Don’t Be Horrified if Your Second Draft Is a (Really) Rough Draft
If you read Writing Rule #28, then you might have recognized the blog post title above. It was “Don’t Be Horrified if Your First Draft Is a (Really) Rough Draft,” which is just as true now as it was a week ago.
But if that fact forerunner makes Writing Rule #29’s blog post title sound depressing, well, cheer up, cupcake! Here’s two pieces of good news to consider:
Your second draft might very well be stronger – maybe even a lot stronger – than your first draft, which means this writing rule doesn’t apply to you. (See you next week!)
And even if yours does still look like a deconstructed puzzle, it really should be all downhill after this round of edits. Because I’ve never met a third draft that didn’t show significant improvement.
Regardless of which category your latest efforts fall into, here’s the thing to keep in mind about second drafts. They’re the product of trying to fix up first drafts. Which explains everything about why they can sometimes be a pain in the neck to edit.
All those changes you made, mistakes you mended and aspects you altered during the first-draft revision stage were necessary, no doubt. Yet in realizing that your main female character is way too perfect on page 47, you might have messed with something significant on page 169. That character flaw you added in to round her out just doesn’t make sense with her state of mind and consequential actions later on.
Or you could have filled in a massive plot hole on page 58, only to have completely altered the ending’s significance on page 203.
In other words, you edited certain areas, only to open up other editorial issues elsewhere.
Believe it or not, that sort of thing happens all the time, particularly with creative writers who are still getting their literary legs under them. That possibility is why Writing Rule #29 exists in the first place, and why it’s so important to understand that, sometimes, second drafts just do look worse than first drafts.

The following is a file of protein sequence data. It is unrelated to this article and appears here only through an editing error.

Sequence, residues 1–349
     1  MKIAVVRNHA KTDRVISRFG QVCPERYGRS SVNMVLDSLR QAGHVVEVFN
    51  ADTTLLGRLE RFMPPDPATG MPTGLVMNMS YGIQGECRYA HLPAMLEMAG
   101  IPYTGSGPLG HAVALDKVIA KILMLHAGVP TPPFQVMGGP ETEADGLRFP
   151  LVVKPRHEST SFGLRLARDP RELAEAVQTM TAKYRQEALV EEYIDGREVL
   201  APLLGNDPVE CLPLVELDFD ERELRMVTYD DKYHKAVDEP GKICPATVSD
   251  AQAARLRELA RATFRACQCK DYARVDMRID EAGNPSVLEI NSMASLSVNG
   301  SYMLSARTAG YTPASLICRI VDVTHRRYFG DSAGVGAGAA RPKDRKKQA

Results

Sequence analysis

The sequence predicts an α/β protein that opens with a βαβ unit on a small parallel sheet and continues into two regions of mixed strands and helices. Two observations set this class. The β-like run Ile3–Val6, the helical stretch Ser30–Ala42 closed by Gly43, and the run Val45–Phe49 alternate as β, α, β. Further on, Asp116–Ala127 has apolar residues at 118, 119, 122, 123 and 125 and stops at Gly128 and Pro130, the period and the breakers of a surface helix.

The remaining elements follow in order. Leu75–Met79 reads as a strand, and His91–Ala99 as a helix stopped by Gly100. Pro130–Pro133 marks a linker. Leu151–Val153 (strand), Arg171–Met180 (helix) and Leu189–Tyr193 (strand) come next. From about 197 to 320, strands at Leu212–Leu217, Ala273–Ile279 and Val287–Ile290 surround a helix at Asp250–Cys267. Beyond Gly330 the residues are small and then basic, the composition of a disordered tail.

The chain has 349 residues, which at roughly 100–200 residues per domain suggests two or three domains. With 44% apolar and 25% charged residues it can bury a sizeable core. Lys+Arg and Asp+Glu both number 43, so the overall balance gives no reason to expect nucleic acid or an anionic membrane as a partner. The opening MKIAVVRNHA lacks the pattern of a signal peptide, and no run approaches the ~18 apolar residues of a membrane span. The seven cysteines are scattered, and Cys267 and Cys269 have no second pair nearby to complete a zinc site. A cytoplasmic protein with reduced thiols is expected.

Fortunately, like I said before, that third draft is going to be better. And easier. And so much closer to the point where you’re ready to publish your manuscript.
If you need a bit of encouragement in the meantime though, try doing what I just did and listen to Need to Breathe’s “Hard Love” on YouTube. Here’s the first two-part verse and the chorus for reference’s sake:
Trading punches with the heart of darkness Going to blows with your fear incarnate Never gone until it’s stripped away. A part of you has got to die to change.
In the morning, you gon’ need an answer. Ain’t nobody gonna change the standard. It’s not enough to just feel the flame; You’ve got to burn your old self away
Hold on tight a little longer. What don’t kill ya makes you stronger. Get back up ‘cause it’s a hard love. You can’t change without a fallout. It’s gon’ hurt, but don’t you slow down. Get back up, ‘cause it’s a hard love.
While I’m sure that Need to Breathe wasn’t thinking about second drafts or creative writing manuscripts in general when they wrote that song, parts of it are still really fitting. Plus, it’s a great reminder that:
You really can push through this latest editorial aggravation.
“What don’t kill ya” really can make you stronger – if you just let it.
There are worse things in life than a rough second draft.
So on that note, my intrepid creative writers, readers and editors… if Writing Rule #29 applies to your second draft, then sigh a little, sulk a little and go snack on your favorite unhealthy food for a bit. Then, get right back to it and work on absolutely amazing yourself with how much stronger your third draft will be.